All animal fibers that are used in the yarns come from certified organic farms, from international sources such as Australia, the Falkland Islands and South Africa. Eisaku Noro is personally involved with inspecting all aspects of production, from visiting the animal farms to checking the machinery used and keeping restrictions on the dye processes to maintain products that are as eco-friendly as possible. He says "Friction, rubbing and heat during processing weaken the fibers in direct proportion to the length of time they are processed. By dramatically shortening this process, we are preventing damage to the enzymes in the fibers and simultaneously profiting the environment."[5]

Differences in processing from other yarn manufacturers include the use of a single roller on the carding machine instead of the usual three, hand-feeding tufts of fiber into the carding machine, and the arrangement of specified color runs by hand. The single roller as well as the shorter bed on the spinning machine result in less twist to the single ply than other yarns, giving a variance in thickness along its length.[5] The spinning method allows the yarns to be thirty to forty percent lighter in weight than similar yarns of the same thickness.[6]

One of the brand’s unique yarns is Silk Garden, made with a high proportion of mohair and silk. Due to their inherent properties, neither fiber has scales on the surface, which prevents them from clinging together the way wool and other fibers with scales normally would, making spinning them difficult. Eisaku Noro had to develop a new approach to working with the fibers in order to be able to spin them in high quantities, which the industry had previously thought impossible.[4]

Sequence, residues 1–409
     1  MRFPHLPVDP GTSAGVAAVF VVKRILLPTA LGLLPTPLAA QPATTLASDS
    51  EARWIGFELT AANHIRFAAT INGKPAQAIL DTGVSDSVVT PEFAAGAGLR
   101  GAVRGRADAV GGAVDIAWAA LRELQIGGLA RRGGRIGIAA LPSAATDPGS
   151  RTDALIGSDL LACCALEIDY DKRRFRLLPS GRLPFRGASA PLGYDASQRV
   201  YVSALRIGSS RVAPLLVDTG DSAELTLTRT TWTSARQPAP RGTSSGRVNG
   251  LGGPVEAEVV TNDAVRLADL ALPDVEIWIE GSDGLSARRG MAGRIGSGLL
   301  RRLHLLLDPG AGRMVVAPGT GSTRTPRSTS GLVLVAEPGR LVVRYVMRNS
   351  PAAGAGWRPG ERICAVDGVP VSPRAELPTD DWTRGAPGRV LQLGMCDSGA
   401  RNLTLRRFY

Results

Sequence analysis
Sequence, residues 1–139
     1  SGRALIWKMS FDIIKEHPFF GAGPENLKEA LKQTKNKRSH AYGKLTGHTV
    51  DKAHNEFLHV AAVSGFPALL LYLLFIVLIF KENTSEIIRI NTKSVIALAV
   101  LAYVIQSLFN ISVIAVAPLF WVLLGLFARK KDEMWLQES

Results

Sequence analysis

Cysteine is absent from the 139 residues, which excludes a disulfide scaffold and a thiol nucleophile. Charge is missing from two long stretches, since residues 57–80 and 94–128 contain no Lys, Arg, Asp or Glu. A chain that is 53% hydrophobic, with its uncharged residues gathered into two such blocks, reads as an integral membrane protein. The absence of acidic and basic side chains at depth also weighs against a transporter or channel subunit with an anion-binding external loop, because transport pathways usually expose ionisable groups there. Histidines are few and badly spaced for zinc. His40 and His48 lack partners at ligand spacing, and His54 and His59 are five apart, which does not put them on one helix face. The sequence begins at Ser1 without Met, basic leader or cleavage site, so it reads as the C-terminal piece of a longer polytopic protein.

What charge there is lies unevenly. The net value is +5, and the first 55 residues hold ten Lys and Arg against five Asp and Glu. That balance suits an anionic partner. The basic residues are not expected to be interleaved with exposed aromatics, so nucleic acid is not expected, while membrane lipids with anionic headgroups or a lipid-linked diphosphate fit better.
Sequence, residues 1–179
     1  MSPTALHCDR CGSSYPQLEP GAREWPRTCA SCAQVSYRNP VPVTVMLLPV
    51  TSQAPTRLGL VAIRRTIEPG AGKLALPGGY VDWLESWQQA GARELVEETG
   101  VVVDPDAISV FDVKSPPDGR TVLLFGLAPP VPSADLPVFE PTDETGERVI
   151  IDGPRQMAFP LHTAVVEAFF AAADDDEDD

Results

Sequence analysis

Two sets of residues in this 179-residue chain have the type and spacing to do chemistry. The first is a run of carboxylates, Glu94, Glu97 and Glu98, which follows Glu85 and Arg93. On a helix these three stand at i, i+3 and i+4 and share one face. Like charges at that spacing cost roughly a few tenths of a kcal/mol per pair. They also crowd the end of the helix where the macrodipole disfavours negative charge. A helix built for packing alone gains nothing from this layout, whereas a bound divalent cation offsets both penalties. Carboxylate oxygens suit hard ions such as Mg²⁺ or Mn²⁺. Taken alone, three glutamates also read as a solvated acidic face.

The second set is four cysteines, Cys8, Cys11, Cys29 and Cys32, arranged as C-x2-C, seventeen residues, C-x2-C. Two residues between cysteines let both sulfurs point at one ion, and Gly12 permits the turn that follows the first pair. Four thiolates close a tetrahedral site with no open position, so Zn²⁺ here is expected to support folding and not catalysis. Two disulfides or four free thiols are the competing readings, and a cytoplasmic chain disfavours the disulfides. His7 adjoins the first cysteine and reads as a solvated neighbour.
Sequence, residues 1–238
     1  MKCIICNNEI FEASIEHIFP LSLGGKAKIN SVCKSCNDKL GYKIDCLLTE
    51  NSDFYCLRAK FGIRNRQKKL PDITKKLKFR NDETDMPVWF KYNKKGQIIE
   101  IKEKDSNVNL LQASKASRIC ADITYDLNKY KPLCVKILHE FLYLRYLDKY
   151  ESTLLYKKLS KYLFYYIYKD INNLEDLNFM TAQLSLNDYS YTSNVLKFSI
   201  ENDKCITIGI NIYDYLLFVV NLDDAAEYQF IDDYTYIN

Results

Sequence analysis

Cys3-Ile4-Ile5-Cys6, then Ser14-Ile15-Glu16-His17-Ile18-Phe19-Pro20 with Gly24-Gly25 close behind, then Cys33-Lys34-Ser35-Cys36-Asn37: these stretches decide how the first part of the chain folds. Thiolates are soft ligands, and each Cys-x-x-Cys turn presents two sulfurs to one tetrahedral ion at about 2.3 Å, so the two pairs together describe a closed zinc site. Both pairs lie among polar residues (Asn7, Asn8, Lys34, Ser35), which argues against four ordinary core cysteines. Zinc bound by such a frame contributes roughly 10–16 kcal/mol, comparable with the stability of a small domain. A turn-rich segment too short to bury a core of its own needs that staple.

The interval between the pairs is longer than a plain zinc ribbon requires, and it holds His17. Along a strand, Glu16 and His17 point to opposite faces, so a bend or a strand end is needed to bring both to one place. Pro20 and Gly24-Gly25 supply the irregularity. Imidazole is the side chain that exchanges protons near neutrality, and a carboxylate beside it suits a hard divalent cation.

In order to emphasize the particular qualities of one fiber over another, for instance sheen or softness, the yarns are deliberately spun with uneven distributions of the fibers, instead of the same proportion of all the fibers throughout the skein. This results in a pleasing spotted, or nepped, appearance in the end fabric.[7]

The signature vivid color palettes of the yarns are inspired by natural items, such as forests, flower blossoms, and seas, with complementary accents. Eisaku Noro says developing a new yarn composition of colors and materials can take up to six or seven years.[6]